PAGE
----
by Kim Eikefet
"It's a good feeling," Jay Elarar says after making his first Pro Tour Top 8. The 16-year old player from Vancouver, Canada won the Junior Super Series two years ago, and he has also made a Top 8 in Grand Prix Seattle, but in 2000 Pro Tour Chicago he got his real breakthrough when he took his Blue Skies deck all the way to make the final day.
Elarar hadn't really expected to make the top 8. He had hoped for top 64, but his Blue Skies deck performed really well and after the swiss, Elarar had a 10-2-2 record which was enough to secure him the last slot in the top 8. "The tournament went quite well for me," Jay says. During day one, he lost two times, once against Marc Hernandez and once against Gary Wise. Then he went 5-0-2 the second day, which was exactly what he had hoped for, yet perhaps had not dared to believe in.
"My deck is good against everything except from black/red," Elarar says, and the black/red archetype was effectively non-existent in Chicago. So Elarar's deck, which consisted of flyers and countermagic, had really good matchups throughout the tournament. "It's basically Sligh with counterspells," Jay explains. "I counterspell everything they have to stop me."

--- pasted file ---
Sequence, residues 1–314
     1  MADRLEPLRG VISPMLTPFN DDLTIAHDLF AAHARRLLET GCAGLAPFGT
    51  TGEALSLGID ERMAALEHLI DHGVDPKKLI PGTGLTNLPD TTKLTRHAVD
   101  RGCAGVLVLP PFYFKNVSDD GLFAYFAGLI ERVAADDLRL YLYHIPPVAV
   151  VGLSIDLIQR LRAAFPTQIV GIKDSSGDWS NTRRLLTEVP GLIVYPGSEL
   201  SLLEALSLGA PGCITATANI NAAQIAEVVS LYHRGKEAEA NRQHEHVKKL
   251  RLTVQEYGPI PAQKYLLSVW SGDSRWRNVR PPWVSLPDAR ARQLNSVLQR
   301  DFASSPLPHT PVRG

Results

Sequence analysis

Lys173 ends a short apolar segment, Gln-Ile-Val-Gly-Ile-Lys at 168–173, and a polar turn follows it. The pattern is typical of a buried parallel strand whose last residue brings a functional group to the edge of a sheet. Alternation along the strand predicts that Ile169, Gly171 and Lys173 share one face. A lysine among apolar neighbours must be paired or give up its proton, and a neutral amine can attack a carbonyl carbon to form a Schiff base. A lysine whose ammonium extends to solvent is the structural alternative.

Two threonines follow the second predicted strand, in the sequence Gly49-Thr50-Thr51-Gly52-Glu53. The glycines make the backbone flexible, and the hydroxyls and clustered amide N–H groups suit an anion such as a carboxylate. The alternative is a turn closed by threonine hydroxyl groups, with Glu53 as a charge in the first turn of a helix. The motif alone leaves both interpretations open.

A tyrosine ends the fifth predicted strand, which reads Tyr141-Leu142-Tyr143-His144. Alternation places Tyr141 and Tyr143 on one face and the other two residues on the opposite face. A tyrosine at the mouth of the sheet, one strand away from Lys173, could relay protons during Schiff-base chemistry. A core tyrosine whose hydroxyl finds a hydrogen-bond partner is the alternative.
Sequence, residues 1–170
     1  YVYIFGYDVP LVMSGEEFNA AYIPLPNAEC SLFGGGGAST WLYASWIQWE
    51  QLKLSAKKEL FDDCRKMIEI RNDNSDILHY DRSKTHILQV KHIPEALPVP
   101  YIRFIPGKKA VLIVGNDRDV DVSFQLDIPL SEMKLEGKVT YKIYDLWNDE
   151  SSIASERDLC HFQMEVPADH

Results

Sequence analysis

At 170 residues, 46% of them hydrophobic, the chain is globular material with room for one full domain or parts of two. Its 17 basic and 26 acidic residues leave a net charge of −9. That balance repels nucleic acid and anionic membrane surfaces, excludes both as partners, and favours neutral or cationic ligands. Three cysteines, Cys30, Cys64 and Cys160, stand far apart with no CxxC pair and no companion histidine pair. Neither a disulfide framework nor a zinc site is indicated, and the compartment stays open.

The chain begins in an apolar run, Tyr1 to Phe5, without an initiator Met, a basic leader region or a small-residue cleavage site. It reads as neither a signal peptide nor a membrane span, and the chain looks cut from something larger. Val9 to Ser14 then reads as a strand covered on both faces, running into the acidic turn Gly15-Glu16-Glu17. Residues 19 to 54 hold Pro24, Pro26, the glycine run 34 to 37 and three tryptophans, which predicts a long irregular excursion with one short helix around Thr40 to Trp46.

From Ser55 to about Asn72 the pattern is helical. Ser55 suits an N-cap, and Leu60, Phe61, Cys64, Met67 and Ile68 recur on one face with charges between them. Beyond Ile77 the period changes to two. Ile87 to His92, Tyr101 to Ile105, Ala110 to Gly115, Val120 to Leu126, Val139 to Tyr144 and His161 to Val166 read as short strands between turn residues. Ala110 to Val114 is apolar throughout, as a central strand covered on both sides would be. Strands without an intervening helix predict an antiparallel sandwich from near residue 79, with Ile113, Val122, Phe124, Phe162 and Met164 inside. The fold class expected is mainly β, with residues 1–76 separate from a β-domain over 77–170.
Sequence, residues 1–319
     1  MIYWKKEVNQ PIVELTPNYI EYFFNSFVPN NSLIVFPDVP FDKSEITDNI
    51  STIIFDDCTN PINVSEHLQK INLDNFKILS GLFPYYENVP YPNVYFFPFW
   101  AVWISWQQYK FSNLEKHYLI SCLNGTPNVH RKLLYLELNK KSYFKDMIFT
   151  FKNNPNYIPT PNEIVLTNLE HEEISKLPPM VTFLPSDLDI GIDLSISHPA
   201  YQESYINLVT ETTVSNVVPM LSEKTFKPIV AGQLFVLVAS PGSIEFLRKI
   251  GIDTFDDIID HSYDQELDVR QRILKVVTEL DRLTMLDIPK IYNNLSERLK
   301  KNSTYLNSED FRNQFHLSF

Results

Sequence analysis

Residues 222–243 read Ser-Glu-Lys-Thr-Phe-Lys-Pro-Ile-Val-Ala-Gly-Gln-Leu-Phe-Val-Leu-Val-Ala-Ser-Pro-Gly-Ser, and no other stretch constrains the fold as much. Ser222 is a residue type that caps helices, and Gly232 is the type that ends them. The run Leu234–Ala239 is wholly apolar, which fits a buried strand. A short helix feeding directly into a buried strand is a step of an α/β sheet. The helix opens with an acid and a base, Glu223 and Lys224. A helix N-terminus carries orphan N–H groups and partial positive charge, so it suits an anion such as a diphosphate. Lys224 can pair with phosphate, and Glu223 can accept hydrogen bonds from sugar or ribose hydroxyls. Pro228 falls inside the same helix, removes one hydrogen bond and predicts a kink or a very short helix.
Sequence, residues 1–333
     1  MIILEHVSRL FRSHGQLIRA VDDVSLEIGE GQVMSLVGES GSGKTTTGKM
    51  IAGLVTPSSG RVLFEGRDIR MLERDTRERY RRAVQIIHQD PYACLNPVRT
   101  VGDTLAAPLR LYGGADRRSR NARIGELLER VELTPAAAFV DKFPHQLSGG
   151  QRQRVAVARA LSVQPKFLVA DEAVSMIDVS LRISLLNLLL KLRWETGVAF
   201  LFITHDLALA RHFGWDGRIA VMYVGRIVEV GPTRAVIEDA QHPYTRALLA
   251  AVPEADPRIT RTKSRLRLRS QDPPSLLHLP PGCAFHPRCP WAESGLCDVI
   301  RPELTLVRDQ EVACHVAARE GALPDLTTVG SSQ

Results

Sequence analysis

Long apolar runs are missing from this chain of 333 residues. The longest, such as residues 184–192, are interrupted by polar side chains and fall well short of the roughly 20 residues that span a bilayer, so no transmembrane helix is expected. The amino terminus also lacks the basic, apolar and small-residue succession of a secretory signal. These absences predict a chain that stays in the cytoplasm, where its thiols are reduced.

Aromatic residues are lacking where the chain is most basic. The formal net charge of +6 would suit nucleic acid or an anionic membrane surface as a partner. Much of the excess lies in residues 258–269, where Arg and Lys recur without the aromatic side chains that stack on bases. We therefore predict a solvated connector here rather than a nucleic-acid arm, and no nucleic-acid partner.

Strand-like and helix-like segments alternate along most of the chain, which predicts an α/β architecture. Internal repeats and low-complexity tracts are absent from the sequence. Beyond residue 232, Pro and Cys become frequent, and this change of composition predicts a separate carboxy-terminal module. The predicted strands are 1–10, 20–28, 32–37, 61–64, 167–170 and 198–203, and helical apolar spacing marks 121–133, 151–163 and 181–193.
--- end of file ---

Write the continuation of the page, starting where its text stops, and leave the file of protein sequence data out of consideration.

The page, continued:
Elarar's deck choice was made the night before the tournament. The computer science student had tested a lot of decks, and he had a list containing the ones he thought could beat Fires and rebels. Out of that list, he picked Blue Skies, made by himself and Mike Thompson. "Thompson gave me a list, and I modified it. The key cards are Rising Waters, Troublesome Spirits and Thwarts," Elarar reveals.
Throughout the tournament, another card rose to be the most valuable one though. "Daze!" Jay grins. "I Dazed everything - Blastoderms, Wrath of Gods, Fact of Fictions, Saproling Bursts. It has been amazing. I play Spiketail Hatchling already, people play around them and they don't expect Daze, which is wrecking them."
After he made the Top 8, Elarar was very excited and happy. "This is a feeling I've never had before," he admits. "This is my first Top 8, and since I'm from Canada, the exchange rate is ridiculous, so I'll get a lot more money. And I feel confident," he admits. He is a little nervous before the battle with Kai Budde in the quarterfinals, though, even though he feels that the others seem scared to play against his deck.
"My deck is the only one that isn't 'normal'. It's pretty good against all the matchups in the Top 8. Everybody seems to think that they'll beat everything except for me, so I have a good fear factor. Top 8 has exactly the decks I wanted to see, so if I play well, I may be able to do well," he thinks. Elarar believes that him playing well has been a major factor that contributed to his success. "I played slow and I played well. Usually, I'm nervous and I get easily distracted, and sometimes I make mistakes and play fast. But I've been able to concentrate very well," he says, hoping that his concentration will last throughout the playoff as well.